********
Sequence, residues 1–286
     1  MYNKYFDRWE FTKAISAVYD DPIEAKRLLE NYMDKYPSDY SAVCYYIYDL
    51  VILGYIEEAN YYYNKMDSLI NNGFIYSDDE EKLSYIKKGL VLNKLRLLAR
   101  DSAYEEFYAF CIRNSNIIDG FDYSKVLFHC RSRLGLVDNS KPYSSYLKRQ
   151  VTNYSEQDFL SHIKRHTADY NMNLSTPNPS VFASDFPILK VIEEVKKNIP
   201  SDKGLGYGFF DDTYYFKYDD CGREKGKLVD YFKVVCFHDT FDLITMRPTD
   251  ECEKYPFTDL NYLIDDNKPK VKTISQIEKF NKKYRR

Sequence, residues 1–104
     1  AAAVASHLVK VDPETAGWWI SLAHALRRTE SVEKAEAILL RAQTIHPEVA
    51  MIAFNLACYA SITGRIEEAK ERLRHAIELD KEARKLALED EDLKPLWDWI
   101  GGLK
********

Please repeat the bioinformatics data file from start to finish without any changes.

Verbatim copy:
Sequence, residues 1–286
     1  MYNKYFDRWE FTKAISAVYD DPIEAKRLLE NYMDKYPSDY SAVCYYIYDL
    51  VILGYIEEAN YYYNKMDSLI NNGFIYSDDE EKLSYIKKGL VLNKLRLLAR
   101  DSAYEEFYAF CIRNSNIIDG FDYSKVLFHC RSRLGLVDNS KPYSSYLKRQ
   151  VTNYSEQDFL SHIKRHTADY NMNLSTPNPS VFASDFPILK VIEEVKKNIP
   201  SDKGLGYGFF DDTYYFKYDD CGREKGKLVD YFKVVCFHDT FDLITMRPTD
   251  ECEKYPFTDL NYLIDDNKPK VKTISQIEKF NKKYRR

Sequence, residues 1–104
     1  AAAVASHLVK VDPETAGWWI SLAHALRRTE SVEKAEAILL RAQTIHPEVA
    51  MIAFNLACYA SITGRIEEAK ERLRHAIELD KEARKLALED EDLKPLWDWI
   101  GGLK